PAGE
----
Tag Archives: European Parliament

MEPs focus on media in Digital Decade

Strasbourg 20.10.2021 European Parliament voices concerns about attacks on EU media in some member states and calls for urgent action to help news media be fit for the “Digital Decade”.

In a resolution adopted on Wednesday by 577 votes to 47 and 76 abstentions, MEPs push for substantial support for the media sector from the EU and member states in order to help the sector recover from the pandemic and transform itself to keep pace with the changing business models of the digital age.

Worried about state capture of media in some member states and lawsuits designed to intimidate and silence journalists (“SLAPPs”), MEPs call for legislative and non-legislative tools to protect media organisations.
In order to safeguard the financial and political independence of European journalists and journalism, Parliament wants a permanent EU news media fund and stresses that EU recovery funds earmarked for the media must support media organisations in those EU countries where media face particular financial and political pressure or rule-of-law concerns.

MEPs also point to the dangers of the “disproportionate economic impact” and “predatory behaviour” of global online platforms that dominate data and advertising markets and have the power to remove legal content provided by media services. Additionally, they demand the urgent adoption of the Digital Services and Digital Markets acts, which can provide a level playing field for the EU media and ensure equal access to data and rules on online political advertising.
To support the EU’s audiovisual industry (filmmakers, producers, distributors and cinemas) MEPs demand the EU to develop special tax policies as well as fiscal and financial incentives to boost production and investments, the setting up of EU insurance guarantees for audiovisual co-productions and rules to ensure catalogues of on-demand services contain a share of European works of at least 30%.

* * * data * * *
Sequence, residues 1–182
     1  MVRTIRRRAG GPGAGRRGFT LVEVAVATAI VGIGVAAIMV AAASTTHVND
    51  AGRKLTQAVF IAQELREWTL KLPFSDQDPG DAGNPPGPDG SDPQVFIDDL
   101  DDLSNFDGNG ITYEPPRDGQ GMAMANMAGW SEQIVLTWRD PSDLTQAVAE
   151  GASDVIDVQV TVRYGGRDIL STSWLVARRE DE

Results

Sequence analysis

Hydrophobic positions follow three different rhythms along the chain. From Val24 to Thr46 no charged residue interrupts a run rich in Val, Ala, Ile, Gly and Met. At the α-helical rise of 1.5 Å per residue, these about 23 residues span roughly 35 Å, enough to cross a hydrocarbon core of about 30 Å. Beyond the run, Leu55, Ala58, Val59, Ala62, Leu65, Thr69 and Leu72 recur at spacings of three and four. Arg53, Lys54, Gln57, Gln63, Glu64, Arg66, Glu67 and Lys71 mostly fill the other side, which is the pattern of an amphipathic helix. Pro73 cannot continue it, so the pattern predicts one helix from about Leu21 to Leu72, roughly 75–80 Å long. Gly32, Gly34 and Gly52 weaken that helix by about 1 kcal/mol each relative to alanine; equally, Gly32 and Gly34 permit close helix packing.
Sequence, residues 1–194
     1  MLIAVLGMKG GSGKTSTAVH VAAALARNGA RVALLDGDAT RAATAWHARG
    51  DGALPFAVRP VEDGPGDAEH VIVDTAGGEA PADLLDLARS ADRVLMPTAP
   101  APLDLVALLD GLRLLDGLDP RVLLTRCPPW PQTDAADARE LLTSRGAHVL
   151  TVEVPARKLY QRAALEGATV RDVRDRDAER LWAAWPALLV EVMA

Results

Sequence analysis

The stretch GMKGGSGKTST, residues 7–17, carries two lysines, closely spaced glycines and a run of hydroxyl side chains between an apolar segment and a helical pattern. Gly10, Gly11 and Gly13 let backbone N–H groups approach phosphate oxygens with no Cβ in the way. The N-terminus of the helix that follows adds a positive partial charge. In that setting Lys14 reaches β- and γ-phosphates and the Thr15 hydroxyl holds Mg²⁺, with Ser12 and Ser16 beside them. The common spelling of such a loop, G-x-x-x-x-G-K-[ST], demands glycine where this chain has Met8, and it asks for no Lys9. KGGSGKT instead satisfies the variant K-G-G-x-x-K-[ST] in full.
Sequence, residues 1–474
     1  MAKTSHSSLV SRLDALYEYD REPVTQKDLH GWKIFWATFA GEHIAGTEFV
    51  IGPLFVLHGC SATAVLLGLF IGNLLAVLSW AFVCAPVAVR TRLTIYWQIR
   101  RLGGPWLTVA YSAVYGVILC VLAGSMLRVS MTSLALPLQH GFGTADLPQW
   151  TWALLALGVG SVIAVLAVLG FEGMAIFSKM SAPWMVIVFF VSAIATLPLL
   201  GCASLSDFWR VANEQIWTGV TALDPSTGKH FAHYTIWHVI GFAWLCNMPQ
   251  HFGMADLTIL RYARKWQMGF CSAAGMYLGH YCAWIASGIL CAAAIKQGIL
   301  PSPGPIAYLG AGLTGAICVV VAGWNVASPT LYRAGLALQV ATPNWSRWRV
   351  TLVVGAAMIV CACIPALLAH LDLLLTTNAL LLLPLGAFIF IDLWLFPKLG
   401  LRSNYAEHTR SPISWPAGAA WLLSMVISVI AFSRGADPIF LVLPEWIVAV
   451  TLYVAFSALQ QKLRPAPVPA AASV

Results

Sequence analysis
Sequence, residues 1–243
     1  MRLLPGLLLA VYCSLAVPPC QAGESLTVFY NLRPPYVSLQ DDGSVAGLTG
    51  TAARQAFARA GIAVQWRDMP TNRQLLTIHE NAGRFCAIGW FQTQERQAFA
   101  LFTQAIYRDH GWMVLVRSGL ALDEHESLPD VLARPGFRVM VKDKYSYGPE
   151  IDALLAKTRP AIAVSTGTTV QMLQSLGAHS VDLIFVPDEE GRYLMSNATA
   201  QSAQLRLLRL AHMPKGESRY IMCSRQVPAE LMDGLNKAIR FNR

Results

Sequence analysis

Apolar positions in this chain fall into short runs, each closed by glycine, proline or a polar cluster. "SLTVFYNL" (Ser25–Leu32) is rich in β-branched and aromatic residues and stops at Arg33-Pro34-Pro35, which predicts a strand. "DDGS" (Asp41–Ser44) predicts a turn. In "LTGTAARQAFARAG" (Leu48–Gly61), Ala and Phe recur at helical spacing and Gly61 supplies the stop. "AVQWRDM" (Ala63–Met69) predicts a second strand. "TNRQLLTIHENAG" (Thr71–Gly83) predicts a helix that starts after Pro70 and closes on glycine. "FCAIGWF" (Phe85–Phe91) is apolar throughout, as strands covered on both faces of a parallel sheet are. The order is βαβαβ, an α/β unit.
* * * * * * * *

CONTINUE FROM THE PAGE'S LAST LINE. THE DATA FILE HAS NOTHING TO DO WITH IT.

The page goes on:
“This is truly a crucial moment to strengthen the EU’s media and audiovisual sector”, rapporteur Dace Melbārde (ECR,LV) said. “The media ecosystem was fragile even before the pandemic but the crisis has reinforced the existing challenges it faces, as well as created new ones. Audiences are increasingly shifting to digital platforms, and the income from these is disproportionally flowing to the global players. Last year, the European media sector experienced a significant drop in advertising income, which is a crucial source of revenue for media organisations. At the same time, the Covid-19 crisis has amplified
the role of quality journalism; an absence of professional and swift reporting during times of
pandemic can cost lives.”

According to early estimates, during the pandemic news media has seen its advertising revenues drop by 20% to 80%.
The EU audiovisual sector suffered a massive revenue loss – a drop of almost 70% in box office revenues for cinemas and distributors in 2020, totalling EUR 4 billion, alongside a reduction of 30% in active productions. MEPs also quote increase of production costs due to stricter health and safety measures.

EU-Poland crisis deepens

Strasbourg 18.10.2021 Polish Prime Minister Mateusz Morawiecki has been attempting to defend an explosive ruling from his country’s top court in front of the Members of the European Parliament (MEPs).
(Image: European Parliament Chamber, Strasbourg, archive).

The verdict, which declared some EU laws incompatible with Poland’s constitution, has stirred the further argument. The majority of MEPs have pressed for a hard line towards Warsaw after it ignored the EU’s top court order to reverse controversial changes to the judiciary.

The EU has delayed the approval of €36 bn of pandemic recovery fund for months, and as soon as this week it may trigger a new tool to withhold budget payments to members states over democratic backsliding.

Prime minister Morawiecki sent a letter to EU leaders ahead of the Summit to take place later this week on 21-22 October in Brussels, clarifying Poland is open for dialog but that it won’t be pushed around.

FACEBOOK: MEPs invite Frances Haugen